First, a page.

"Assault takes time to process," Gonczar told lawmakers. "Just because someone was raped early as a child, they should not be penalized.”
The Anderson bills were sponsored by state Reps. Ryan Berman, R-Commerce Township, and Karen Whitsett, D-Detroit. They introduced similar proposals last year, but those bills failed to advance to Gretchen Whitmer's desk before the end of the session.
It’s important, Berman said Thursday, to have people come forward with their stories and to see justice prevail.
"It’s just to allow people their day in court, allow them to tell their story, so they’re not shut out in their pursuit of justice,” Berman said of the bills.
The House Oversight Committee didn't vote on Thursday to send the proposals to the full House. Chairman Steve Johnson, R-Wayland, said multiple hearings on the legislation will take place.
"It's a tough needle we're trying to thread here," Johnson said. "You're trying to make sure that we're protecting people ... while also protecting the rights of the innocent, too."
The Detroit News reported Thursday that UM President Mark Schlissel has acknowledged privately that claims against Anderson represented a "truly enormous" liability for the university.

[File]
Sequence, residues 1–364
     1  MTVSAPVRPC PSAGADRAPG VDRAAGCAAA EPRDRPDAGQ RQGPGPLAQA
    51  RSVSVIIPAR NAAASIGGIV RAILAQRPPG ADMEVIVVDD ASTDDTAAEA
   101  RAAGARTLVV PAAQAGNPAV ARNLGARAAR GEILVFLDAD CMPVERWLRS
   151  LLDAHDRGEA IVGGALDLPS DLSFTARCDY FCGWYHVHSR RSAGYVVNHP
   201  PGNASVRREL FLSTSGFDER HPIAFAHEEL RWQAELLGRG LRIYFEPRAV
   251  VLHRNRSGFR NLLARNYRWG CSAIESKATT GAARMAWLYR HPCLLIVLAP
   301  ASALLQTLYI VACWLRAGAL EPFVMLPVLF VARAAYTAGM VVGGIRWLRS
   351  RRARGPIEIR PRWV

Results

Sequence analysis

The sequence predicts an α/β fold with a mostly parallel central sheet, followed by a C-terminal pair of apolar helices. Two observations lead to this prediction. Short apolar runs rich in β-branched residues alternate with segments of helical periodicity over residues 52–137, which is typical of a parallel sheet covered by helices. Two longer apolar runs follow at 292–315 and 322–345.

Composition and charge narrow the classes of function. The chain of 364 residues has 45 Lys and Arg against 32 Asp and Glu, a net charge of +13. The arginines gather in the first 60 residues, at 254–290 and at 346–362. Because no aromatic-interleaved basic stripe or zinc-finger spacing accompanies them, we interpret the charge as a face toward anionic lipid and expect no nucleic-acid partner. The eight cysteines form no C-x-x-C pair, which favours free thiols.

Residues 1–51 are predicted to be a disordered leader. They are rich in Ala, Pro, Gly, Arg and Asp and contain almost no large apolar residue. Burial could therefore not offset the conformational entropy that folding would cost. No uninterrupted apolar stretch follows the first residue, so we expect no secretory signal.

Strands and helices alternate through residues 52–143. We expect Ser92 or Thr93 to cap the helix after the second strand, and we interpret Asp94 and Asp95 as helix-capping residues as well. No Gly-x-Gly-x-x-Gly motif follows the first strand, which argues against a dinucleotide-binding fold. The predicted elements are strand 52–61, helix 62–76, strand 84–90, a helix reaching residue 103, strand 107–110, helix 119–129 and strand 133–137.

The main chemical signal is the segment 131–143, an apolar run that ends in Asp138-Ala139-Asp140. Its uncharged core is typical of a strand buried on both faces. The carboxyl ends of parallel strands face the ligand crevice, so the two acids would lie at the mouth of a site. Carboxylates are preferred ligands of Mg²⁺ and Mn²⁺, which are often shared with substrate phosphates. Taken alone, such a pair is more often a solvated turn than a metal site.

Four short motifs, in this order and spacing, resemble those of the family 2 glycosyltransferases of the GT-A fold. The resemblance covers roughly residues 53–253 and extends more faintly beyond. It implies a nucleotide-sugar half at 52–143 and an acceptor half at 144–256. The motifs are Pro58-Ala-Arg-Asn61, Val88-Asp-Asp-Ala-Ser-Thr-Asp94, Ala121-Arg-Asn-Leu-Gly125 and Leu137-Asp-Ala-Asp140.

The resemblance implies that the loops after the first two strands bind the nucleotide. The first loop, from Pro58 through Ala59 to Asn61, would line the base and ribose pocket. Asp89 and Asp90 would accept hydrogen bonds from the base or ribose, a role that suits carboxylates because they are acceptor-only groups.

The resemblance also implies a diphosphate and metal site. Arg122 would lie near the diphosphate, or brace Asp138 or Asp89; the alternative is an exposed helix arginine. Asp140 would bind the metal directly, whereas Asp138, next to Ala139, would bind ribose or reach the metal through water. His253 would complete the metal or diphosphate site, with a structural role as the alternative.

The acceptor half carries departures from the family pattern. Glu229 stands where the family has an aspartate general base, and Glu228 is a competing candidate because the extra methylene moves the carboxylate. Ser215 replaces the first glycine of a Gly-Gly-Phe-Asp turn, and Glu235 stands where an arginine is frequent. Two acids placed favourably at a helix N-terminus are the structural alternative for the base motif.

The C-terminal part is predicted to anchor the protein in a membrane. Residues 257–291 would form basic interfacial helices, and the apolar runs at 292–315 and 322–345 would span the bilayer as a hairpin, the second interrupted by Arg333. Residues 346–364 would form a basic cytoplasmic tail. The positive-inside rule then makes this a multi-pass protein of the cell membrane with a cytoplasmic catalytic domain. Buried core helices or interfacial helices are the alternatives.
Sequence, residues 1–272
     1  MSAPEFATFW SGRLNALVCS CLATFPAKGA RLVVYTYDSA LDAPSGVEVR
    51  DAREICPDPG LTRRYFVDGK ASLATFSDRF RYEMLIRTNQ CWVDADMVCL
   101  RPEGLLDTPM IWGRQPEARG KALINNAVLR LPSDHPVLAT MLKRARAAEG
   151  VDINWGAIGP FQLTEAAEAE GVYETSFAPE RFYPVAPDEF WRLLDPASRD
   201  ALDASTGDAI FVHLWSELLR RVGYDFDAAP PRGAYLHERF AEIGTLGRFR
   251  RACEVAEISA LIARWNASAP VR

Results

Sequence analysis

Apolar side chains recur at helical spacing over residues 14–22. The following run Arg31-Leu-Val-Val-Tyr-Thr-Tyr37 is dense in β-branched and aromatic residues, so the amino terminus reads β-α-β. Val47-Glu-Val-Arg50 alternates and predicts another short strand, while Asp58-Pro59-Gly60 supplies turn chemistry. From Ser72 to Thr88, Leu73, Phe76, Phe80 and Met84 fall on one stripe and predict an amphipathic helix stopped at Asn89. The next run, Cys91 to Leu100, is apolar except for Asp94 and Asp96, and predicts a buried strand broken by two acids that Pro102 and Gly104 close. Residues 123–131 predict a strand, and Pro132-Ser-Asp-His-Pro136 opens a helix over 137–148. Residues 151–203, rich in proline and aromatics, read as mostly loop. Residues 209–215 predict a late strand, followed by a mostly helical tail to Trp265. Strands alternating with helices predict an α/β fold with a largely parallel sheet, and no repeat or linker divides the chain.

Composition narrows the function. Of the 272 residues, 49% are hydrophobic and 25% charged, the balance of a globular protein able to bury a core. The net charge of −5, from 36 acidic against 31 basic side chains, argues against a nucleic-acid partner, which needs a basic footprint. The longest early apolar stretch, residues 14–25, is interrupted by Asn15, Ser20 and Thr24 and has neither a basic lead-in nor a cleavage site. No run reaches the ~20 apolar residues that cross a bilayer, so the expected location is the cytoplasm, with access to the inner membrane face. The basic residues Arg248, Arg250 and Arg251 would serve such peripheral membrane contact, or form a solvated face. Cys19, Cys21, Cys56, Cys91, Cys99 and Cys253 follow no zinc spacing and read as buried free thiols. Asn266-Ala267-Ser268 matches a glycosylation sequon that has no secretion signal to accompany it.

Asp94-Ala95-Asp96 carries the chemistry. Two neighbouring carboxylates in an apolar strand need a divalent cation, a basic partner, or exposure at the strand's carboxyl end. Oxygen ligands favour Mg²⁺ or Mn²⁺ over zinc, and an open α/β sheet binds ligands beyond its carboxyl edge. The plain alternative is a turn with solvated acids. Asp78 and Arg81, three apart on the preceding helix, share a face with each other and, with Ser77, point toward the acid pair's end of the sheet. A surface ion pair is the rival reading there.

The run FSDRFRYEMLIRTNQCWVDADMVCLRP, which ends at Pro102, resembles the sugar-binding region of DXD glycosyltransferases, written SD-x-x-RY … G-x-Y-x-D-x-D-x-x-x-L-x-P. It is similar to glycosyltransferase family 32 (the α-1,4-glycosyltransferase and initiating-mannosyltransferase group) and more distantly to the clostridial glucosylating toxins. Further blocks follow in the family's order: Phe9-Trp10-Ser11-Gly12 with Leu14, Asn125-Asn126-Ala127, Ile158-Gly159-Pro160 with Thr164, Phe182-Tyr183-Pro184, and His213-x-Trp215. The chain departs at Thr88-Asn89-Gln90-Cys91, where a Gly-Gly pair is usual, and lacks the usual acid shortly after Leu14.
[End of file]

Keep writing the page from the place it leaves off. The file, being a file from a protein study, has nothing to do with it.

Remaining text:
“He’s been credibly accused of committing sexual misconduct on a very large number of our students that he had professional encounters with," said Schlissel during a Zoom meeting during the 2020 holiday season. "That’s becoming a big lawsuit, the exposure of the university is truly enormous ... could be hundreds of millions of dollars ... unlikely to be covered by insurance at that level ... so depending upon how those cases turn out, that’s gonna be a very significant financial challenge for the university.
UM spokesman Rick Fitzgerald would not address the content of Schlissel's comments.
"As you know, the university is actively engaged in a confidential, court-guided mediation process with the survivors of Robert Anderson's abuse, and we remain focused on that process," Fitzgerald wrote.
Fitzgerald added in a follow-up statement that "we are working toward fair compensation for the survivors of Dr. Robert Anderson’s abuse through the ongoing, confidential mediation process that is being supervised by a federal judge.
In February 2020, 12 years after Anderson died, former UM student Robert Julian Stone became the first man to publicly accuse Anderson of sexual misconduct nearly 50 years after an alleged incident. Stone shared his story exclusively with The Detroit News.
A month later, the first lawsuits were filed against UM. UM asked a judge in May 2020 to dismiss the lawsuits because they were "filed decades too late," well past the three-year statute of limitations. But UM withdrew its request for dismissal when the two sides agreed to begin a mediation process in October.
University of Michigan officials knew as early as 1975 that Anderson had been accused of sexual misconduct, according to a report commissioned by the university and released in May.
Staff Writer Kim Kozlowski contributed.